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Economic growth in Shanghai still slowing down

SHANGHAI'S economic growth further tailed off to 3.1 percent in the first quarter after posting a single-digit growth last year due to the deepening impact of the financial crisis on the city's foreign trade and industry sector.

Its gross domestic product reached 315.05 billion yuan (US$46.33 billion) in the first three months, the Shanghai Statistics Bureau said at the weekend.

The growth rate was 11.53 percent in the same period last year. It was also lower than China's 6.1 percent economic expansion in the first three months.

"The city suffered more due to its larger exposure to the global economic meltdown, which caused slumps in exports. And the city's industrial enterprises highly rely on exports which led to decreases in industrial output," said Lu Ming, professor at School of Economics of Fudan University and consultant to the World Bank.

The industrial sector suffered from fewer orders due to the slower economic growth. The industrial output dropped 8.1 percent from a year earlier to 124.34 billion yuan in the first three months. Industrial expansion slowed to 8.2 percent in 2008 from 11.5 percent the year before.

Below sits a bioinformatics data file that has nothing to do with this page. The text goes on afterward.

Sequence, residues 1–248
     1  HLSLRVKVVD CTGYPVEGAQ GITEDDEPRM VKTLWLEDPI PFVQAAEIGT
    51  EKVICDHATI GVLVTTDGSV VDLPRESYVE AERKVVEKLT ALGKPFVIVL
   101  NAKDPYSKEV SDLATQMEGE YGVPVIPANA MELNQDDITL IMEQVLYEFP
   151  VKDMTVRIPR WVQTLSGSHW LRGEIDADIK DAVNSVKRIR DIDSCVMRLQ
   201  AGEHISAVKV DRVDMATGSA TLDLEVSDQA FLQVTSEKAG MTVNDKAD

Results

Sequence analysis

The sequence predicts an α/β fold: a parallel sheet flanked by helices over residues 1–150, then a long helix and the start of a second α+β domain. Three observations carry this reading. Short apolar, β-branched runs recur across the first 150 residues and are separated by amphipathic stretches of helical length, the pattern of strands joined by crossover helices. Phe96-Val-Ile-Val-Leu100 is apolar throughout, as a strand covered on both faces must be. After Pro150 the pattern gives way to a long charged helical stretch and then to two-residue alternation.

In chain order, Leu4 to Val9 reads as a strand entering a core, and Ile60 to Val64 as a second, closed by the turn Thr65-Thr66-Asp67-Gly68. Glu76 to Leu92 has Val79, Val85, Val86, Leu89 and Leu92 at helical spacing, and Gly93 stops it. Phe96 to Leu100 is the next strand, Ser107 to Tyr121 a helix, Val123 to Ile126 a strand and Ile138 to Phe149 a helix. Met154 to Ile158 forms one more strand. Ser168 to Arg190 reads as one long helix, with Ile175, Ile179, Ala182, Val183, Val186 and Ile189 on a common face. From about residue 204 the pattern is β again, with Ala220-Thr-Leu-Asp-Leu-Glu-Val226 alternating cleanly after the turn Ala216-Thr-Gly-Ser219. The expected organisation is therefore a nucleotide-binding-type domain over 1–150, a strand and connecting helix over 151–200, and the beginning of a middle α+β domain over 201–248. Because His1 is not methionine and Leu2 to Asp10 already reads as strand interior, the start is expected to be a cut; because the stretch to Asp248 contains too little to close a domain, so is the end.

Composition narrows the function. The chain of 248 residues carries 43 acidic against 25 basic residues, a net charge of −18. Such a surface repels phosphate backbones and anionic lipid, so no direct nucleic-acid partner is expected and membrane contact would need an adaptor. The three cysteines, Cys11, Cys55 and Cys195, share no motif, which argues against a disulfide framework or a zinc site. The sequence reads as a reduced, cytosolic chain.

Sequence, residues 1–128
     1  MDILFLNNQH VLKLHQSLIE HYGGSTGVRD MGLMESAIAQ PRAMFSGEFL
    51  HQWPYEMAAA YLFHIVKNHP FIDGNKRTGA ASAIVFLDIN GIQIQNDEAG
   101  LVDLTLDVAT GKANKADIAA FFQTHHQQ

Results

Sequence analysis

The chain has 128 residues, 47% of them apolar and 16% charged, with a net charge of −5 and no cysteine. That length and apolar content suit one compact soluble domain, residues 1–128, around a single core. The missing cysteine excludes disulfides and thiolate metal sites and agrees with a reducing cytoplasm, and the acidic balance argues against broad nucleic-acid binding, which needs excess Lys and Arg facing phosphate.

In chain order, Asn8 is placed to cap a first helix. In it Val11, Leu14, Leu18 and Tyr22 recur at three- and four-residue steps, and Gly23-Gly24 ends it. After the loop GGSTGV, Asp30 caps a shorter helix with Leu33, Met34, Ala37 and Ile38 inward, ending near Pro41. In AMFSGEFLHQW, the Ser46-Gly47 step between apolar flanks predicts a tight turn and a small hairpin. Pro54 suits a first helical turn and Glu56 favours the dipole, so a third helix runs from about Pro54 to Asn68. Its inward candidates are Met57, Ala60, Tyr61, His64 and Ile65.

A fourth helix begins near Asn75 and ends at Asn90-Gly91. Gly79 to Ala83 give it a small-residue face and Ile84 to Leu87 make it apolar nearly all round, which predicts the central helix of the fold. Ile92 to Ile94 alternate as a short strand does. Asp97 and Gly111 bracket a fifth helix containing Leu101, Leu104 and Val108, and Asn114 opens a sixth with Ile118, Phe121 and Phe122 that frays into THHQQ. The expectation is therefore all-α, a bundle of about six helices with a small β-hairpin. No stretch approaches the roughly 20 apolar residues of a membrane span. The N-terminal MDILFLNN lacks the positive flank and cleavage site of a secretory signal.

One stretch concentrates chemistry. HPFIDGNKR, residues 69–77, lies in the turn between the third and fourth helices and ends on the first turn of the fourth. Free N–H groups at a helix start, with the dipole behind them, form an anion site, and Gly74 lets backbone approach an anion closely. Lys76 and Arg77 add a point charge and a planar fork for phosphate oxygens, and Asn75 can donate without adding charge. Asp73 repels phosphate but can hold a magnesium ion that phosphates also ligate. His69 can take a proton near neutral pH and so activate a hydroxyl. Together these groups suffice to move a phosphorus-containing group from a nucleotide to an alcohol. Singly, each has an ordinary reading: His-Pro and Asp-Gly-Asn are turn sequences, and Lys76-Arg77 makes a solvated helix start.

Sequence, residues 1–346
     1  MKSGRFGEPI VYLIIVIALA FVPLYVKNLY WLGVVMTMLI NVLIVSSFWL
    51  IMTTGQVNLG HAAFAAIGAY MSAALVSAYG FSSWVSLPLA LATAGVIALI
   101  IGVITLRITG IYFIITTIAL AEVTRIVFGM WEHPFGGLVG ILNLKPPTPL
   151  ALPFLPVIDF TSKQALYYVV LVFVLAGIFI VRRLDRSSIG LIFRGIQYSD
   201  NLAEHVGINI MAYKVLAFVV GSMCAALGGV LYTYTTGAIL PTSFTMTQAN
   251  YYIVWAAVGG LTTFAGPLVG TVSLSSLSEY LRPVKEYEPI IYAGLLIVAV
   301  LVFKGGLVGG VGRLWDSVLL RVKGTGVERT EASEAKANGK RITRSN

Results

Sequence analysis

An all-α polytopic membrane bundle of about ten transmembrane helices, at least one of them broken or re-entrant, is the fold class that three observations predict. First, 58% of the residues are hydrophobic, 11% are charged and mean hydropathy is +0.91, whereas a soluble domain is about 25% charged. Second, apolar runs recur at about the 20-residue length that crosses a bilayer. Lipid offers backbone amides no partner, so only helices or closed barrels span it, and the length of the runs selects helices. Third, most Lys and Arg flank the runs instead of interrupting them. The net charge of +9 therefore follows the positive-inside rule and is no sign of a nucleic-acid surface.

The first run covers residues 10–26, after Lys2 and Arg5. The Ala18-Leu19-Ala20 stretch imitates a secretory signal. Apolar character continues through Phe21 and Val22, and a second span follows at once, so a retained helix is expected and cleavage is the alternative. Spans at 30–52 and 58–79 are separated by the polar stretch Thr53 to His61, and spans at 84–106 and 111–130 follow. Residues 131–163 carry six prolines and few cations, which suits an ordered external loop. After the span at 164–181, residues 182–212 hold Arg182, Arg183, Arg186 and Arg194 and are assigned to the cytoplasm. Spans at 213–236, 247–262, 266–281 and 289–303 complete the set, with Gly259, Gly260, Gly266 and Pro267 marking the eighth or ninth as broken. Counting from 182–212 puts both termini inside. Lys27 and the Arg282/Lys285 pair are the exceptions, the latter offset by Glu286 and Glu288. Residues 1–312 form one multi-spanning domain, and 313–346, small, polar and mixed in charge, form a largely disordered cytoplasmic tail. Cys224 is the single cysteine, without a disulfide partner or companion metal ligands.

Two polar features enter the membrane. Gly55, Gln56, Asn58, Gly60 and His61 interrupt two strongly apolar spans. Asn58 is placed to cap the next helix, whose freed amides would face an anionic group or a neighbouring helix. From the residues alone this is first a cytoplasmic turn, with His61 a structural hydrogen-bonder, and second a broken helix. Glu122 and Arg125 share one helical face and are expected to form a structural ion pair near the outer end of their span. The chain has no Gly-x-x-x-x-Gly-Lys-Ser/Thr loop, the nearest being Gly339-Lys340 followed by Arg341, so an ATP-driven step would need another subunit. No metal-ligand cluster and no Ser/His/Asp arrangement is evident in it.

The industrial sector's contribution to the city's economic growth continued to shrink to 39.5 percent in the first quarter from 45.5 percent last year, against the service sector's 60.1 percent. The service industry began to lead local economic expansion from 2006 but the two sectors usually kept a balanced proportion of almost 50-50.

Shanghai's service industry, including financial firms, catering and property companies, grew 13.1 percent in the first quarter to 189.38 billion yuan.

The growth rate widened from 10.01 percent in the same period last year, thanks to the financial sector, which expanded 26 percent in the first three months from a year ago to 39.79 billion yuan.

"The industrial sector was hit harder than the service industry due to its larger exposure to global economic recessions than financial firms. But the expansion in this sector is expected to pick up and catch up with the service industry as we have seen signs of recovery," said Lu.

The city's trade volume fell 26.3 percent in the first quarter on a yearly base to US$55.21 billion. Imports plunged 32.1 percent.

"Labor-intensive industries including textile, furniture and toys were among the worst hit while industries which have invested a lot in research and development such as equipment building better weathered the storm," said Lu.

Shanghai's retail sales increased 14.1 percent to 124.48 billion yuan in the three months. Catering posted the fastest growth, jumping 17 percent to 18.84 billion yuan.

The city's fixed assets investment added 1.7 percent to 90.23 billion yuan.

The city's Consumer Price Index, the main gauge of inflation, rose 0.4 percent in the first quarter, compared with 6.8 percent a year ago. The Producer Price Index, chief gauge of factory-gate inflation, decreased 6.6 percent from a year ago.


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